The article goes on to suggest that the tree "appears to have a core-periphery structure . The core is formed by metal products, machinery, and chemicals, whereas the periphery is formed by the rest of the product classes. It also suggests that countries can develop economically by structural transformation, developing comparative advantages in new products with higher returns to resource inputs, but that they are constrained in doing so because they can not easily produce a comparative advantage in an industry far from those in which it already has such an advantage according to this tree structure. That is, the technology mastery and institutional and human capital to develop new industries is not easily transferred among products far from each other in this tree.

Not only does this argument imply a causal factor in the divergence of economies, it suggests that there may be very different innovation policies required for countries in different stages of economic development and for countries with differing growth asperations. (For example, a newly oil rich nation aspiring to leapfrog use its oil income to leapfrog into a post-industrial economic structure may embark on an innovation policy very different than a nation with a comparable industrial structure but more limited investment income.)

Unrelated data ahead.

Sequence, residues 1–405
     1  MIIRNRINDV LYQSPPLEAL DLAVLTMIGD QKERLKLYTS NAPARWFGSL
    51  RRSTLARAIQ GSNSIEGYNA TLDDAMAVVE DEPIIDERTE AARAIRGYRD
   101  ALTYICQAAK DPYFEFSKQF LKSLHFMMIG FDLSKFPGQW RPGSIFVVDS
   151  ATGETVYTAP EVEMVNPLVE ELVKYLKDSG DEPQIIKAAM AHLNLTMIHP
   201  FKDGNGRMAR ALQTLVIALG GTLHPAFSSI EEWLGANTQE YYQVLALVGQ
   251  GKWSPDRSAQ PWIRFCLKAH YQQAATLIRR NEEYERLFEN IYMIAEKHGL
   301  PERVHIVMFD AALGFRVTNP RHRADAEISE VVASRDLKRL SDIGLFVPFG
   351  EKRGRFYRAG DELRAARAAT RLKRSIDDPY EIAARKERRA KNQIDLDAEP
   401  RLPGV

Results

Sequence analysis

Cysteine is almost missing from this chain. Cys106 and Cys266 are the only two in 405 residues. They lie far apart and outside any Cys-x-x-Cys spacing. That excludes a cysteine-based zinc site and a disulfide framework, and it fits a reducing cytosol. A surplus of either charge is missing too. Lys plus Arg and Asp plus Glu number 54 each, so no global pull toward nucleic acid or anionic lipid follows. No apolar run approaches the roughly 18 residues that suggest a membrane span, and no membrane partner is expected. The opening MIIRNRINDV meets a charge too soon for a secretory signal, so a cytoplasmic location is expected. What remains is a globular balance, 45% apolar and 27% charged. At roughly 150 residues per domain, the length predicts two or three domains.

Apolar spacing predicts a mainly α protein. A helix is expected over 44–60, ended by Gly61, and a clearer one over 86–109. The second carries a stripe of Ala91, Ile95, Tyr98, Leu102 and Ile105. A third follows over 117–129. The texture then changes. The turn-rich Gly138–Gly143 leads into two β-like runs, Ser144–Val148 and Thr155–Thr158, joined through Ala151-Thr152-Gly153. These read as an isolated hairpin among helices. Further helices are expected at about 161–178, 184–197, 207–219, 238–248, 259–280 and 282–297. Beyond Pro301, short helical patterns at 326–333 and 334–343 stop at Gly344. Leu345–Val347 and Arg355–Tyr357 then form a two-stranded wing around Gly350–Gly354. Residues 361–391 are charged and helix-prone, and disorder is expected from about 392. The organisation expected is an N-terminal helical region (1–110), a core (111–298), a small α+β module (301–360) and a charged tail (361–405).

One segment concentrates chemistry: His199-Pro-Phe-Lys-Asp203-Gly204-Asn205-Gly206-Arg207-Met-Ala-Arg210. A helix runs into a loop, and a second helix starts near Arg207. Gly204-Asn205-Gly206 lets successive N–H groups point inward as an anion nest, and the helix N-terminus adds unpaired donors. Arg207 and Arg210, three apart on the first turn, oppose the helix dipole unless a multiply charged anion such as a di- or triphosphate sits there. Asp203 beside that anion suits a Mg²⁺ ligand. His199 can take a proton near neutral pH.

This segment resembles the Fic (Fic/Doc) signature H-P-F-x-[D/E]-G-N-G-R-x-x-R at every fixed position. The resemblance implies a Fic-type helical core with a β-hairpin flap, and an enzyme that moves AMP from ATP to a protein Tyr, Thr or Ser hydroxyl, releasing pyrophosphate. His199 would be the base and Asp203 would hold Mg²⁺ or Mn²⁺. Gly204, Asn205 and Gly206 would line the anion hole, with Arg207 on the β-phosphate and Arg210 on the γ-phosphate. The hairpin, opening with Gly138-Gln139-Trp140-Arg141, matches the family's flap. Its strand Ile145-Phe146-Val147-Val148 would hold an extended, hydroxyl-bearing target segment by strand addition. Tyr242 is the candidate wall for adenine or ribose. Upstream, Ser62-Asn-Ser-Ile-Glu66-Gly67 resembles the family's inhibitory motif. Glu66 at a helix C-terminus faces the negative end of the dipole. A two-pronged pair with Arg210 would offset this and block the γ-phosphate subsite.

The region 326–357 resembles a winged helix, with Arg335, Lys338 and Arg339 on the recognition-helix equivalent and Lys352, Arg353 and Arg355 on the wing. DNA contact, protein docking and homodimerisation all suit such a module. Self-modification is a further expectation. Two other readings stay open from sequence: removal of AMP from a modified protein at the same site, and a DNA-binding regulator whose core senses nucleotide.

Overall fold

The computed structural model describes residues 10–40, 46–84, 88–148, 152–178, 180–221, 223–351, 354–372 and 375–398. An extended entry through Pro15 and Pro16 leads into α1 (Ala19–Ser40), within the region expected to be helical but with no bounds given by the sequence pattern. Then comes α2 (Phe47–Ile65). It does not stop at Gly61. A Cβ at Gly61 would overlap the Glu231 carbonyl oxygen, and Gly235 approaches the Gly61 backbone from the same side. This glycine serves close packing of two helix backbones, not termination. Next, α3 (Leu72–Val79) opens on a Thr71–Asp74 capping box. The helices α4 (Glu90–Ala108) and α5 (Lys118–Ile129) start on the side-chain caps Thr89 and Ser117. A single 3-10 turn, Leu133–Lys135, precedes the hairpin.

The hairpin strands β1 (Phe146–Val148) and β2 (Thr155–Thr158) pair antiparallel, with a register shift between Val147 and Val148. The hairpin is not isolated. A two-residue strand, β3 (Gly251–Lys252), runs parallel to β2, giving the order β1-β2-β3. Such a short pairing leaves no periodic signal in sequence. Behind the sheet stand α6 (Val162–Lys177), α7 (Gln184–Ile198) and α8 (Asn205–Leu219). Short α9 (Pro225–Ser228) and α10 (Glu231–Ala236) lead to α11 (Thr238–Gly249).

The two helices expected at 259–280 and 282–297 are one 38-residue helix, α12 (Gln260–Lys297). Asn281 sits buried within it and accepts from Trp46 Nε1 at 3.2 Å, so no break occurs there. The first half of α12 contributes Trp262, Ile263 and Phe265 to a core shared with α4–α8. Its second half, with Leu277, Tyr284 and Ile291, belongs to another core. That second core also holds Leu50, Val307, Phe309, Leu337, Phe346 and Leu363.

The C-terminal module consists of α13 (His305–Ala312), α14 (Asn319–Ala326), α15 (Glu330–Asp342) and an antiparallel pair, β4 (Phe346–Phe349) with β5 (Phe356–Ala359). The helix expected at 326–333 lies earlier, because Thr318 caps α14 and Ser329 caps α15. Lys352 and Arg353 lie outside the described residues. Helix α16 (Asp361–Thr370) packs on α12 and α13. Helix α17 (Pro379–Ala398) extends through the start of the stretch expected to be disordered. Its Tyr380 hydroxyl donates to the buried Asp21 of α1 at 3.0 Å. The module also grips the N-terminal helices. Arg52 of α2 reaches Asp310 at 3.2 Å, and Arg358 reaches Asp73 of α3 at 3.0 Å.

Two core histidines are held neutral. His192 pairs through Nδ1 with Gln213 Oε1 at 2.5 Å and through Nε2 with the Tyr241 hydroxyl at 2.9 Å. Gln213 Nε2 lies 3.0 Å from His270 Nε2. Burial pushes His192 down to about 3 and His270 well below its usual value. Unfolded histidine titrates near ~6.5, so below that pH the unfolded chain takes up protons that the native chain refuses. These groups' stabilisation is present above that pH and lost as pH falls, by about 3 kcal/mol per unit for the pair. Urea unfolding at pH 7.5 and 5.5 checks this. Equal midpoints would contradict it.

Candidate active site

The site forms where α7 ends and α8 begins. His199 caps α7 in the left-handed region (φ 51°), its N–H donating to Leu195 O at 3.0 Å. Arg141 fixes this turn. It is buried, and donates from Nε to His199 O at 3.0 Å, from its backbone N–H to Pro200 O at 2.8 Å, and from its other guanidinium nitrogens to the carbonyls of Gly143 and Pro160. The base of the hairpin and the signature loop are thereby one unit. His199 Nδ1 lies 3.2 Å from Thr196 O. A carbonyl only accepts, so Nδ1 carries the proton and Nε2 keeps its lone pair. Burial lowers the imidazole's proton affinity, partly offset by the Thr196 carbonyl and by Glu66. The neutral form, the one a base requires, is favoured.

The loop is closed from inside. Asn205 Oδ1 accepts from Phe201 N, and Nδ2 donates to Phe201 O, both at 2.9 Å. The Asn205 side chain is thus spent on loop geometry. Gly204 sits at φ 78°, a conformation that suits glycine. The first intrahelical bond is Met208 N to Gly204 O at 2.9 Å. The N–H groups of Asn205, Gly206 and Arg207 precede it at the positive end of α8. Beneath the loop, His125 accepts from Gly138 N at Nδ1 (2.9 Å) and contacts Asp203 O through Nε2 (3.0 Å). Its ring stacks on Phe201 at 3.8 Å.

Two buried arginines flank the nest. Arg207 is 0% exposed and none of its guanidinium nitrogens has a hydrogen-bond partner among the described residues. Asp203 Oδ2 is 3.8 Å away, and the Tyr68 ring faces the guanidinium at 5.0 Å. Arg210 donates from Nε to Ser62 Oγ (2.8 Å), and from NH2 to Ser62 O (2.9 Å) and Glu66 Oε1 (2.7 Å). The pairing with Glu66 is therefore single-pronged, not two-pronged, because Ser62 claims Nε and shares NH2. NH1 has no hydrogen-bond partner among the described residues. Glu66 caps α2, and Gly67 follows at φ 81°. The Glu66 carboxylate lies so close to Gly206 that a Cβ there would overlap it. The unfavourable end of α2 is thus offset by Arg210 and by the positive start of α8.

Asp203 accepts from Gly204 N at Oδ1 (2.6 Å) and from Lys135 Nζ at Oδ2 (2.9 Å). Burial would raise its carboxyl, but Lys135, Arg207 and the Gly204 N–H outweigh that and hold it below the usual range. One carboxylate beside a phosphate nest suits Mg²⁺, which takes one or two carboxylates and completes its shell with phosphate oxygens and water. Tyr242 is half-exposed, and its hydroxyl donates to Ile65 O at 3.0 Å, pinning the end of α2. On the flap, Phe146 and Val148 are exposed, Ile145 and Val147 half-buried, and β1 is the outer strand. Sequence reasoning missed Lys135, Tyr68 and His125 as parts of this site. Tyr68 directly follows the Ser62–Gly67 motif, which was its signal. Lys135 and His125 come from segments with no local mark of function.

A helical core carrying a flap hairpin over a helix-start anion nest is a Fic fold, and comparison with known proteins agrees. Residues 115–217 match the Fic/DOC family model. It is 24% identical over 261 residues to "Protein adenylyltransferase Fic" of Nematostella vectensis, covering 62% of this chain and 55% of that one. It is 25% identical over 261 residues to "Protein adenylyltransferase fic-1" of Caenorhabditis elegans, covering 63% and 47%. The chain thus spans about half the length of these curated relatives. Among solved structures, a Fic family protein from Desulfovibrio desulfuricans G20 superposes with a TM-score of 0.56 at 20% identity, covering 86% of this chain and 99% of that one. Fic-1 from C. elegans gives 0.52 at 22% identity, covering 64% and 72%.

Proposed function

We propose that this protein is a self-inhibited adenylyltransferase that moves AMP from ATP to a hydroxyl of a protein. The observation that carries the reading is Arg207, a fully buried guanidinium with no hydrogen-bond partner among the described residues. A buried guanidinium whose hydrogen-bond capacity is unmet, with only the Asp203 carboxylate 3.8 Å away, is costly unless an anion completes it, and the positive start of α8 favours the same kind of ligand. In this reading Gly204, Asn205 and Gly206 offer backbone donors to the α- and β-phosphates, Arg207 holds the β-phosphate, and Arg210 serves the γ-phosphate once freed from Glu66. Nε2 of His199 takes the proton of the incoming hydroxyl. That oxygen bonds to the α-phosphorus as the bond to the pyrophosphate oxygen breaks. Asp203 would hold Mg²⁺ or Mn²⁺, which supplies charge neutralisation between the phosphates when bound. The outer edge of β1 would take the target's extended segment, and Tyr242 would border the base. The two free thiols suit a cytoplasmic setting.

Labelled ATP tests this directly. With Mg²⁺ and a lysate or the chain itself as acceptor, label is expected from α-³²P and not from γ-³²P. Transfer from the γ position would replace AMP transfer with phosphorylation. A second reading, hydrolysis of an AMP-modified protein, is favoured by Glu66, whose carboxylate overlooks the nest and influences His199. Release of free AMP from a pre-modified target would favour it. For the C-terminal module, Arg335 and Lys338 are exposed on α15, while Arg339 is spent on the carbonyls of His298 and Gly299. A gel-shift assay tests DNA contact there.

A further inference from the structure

The article states:
The pattern of specialization for four regions in the product space is shown in Fig. 2 (21). Products exported by a region with RCA >1 are shown with black squares. Industrialized countries occupy the core, composed of machinery, metal products, and chemicals. They also participate in more peripheral products such as textiles, forest products, and animal agriculture. East Asian countries have developed RCA in the garments, electronics, and textile clusters, whereas Latin America and the Caribbean are further out in the periphery in mining, agriculture, and the garments sector. Lastly, sub-Saharan Africa exports few product types, all of which are in the far periphery of the product space. These results indicate that each region has a distinguishable pattern of specialization clearly visible in the product space. Links to the maps for the 132 countries included in the study can be found in the Supporting Online Material (SOM) text.